A New Image and Video Search
Microsoft says that it has beefed up the capabilities of its image search to allow users to search for video content from specific online providers such as Hulu or YouTube. This feature was available in the Live Search version of Microsoft's video search last week. As for image search, Bing has a cosmetically different look from Live Search, but the tools appear to be the same.
My Take: I'm unsure how new the Bing version is, but I like the updated layout and look of video search, which makes search-refining tools easier to access than Live Search's version did. In the beta version of video search, however, the specialized search feature clearly needed some tweaking. When I searched for the television show Lost and the episode "A Journey In Time," selecting the source Hulu, I got back an episode of the 1960s TV show Flipper.
Bing Travel: Time to Buy?
Using technology acquired by Microsoft with the purchase of Farecast in 2008, Microsoft brings some uniquely advanced technology to search queries involving travel and buying. Farecast, a tool for comparing airfares, uses a predictive algorithm to recommend when you should buy your airline ticket. The Farecast technology is now tightly integrated with Bing so you can use advanced pricing tools from within Bing's search results.
Using the same Farecast technology, Microsoft is bringing smarts to hotel reservations, too. Bing travel results show you Hotel Deals when you search for accommodations within a specific region. According to Microsoft's Weitz, Bing calculates the historic price of a room at a specific hotel, compares historic pricing with the current rate being offered, and identifies whether the current price is a "deal" or not.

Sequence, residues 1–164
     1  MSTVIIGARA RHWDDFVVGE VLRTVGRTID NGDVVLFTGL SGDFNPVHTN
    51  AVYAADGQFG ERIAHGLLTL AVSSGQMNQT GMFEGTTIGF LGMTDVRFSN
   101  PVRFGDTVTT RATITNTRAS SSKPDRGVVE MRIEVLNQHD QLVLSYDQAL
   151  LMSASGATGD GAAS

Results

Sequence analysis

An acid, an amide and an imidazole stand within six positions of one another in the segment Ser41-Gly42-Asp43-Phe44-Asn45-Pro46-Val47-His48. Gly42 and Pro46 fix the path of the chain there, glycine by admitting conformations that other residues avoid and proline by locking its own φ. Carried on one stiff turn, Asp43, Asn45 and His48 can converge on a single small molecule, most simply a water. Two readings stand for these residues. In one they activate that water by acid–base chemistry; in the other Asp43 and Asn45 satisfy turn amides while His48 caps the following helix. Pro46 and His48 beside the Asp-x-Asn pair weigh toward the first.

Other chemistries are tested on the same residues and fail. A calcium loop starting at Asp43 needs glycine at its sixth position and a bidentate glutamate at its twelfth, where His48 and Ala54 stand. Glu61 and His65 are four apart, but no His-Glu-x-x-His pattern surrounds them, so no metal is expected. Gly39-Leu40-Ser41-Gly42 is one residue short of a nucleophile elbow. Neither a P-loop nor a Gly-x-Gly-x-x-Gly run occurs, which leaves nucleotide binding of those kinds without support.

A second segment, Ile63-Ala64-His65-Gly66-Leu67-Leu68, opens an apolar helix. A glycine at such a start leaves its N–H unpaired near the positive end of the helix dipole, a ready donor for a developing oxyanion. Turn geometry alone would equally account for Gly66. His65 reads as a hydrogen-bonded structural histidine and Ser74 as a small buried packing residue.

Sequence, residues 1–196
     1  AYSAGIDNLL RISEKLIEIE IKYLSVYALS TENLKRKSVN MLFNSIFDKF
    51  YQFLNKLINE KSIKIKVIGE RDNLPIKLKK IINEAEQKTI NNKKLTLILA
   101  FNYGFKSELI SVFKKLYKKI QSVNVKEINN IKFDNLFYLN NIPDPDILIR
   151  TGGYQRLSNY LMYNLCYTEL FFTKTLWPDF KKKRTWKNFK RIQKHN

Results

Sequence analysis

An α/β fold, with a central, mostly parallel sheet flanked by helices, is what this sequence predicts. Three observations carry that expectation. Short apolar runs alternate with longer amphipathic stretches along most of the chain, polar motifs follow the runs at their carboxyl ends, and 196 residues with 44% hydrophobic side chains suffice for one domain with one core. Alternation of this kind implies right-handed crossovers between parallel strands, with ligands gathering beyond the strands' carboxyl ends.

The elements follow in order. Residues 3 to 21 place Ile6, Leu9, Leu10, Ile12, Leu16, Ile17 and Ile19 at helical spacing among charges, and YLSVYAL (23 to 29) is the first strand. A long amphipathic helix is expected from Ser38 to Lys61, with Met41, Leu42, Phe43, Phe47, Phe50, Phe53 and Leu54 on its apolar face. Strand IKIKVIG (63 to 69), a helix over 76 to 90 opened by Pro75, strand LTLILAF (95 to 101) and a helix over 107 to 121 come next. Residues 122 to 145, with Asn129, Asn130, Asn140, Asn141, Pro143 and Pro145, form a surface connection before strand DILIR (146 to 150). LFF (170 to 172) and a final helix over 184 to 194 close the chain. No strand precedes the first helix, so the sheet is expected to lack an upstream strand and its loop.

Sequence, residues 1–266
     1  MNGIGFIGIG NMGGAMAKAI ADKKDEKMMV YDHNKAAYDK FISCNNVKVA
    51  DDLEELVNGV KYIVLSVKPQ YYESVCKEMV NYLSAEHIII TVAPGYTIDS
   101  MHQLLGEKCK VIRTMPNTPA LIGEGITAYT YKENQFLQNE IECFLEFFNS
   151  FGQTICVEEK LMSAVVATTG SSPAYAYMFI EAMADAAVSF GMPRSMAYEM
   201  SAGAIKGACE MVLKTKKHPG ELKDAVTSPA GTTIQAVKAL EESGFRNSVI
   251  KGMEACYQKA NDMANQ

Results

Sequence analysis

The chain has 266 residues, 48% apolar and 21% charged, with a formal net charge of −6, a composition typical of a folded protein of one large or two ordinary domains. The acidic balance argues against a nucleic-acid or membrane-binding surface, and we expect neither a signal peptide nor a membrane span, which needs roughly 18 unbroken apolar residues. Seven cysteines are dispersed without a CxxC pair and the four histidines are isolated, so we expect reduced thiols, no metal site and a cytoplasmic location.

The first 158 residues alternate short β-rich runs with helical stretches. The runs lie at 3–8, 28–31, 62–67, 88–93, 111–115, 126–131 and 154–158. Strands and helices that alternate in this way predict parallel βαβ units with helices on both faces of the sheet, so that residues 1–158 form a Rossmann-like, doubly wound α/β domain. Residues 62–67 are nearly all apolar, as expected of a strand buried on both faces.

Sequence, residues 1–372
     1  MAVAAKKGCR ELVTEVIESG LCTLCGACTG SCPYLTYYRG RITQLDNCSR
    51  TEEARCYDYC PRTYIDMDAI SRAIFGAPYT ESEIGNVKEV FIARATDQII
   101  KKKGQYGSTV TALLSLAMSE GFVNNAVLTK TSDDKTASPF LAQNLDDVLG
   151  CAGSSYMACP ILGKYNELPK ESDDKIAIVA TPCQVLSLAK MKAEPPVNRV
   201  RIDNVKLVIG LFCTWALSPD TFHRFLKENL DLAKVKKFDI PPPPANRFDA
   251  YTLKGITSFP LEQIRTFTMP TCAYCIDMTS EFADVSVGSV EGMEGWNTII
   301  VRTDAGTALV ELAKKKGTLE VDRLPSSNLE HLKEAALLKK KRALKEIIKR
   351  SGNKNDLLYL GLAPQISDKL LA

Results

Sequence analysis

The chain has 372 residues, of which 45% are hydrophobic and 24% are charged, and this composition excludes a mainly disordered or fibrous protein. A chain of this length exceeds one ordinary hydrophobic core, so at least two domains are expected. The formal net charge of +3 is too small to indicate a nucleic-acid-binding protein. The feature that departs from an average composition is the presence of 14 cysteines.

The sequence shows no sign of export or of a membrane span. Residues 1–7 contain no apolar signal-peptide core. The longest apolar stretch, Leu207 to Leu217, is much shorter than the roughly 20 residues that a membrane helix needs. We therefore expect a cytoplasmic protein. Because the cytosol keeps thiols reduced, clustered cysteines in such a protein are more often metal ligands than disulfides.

My Take: Microsoft's integration of Farecast technology into its search product is welcome and needed. In Live Search, Farecast wasn't fully integrated and didn't offer hotel deals. On the basis of my limited testing, I can't judge how accurate Farecast is.
Can Bing Slay Google?
Bing is no game changer when it comes to search. Though the new search engine is a great start, Microsoft still has work to do.
With Bing, results don't seem as intuitive as with Google. Try entering a residential street address in Bing and the search results show you a Web site--not a map--that often seems unrelated to the address you typed in. (When I entered a business address, I did see a map.) Type the same address into Google, and the search results prominently feature a map with the address. Bing offers the same type of map, but you have to select Bing Maps to find it.
How can Microsoft try so hard and yet get something as simple as address lookup wrong? I don't know.
Bing seems to be working toward two goals, one external and one internal. To the public, Bing offers a slick interface for finding answers (not always Web sites) fast. But within the house of Microsoft, Bing represents a needed integration of existing services (such as the Cashback program) and recent acquisitions (such as Farecast and Powerset) into the company's search family.
Will the masses start binging instead of googling? If Microsoft continues to make progress with its ongoing tweaks and improvements to Bing--and steamrolls the existing landscape with its promised massive advertising campaign, it stands a chance of converting more than an impressionable few.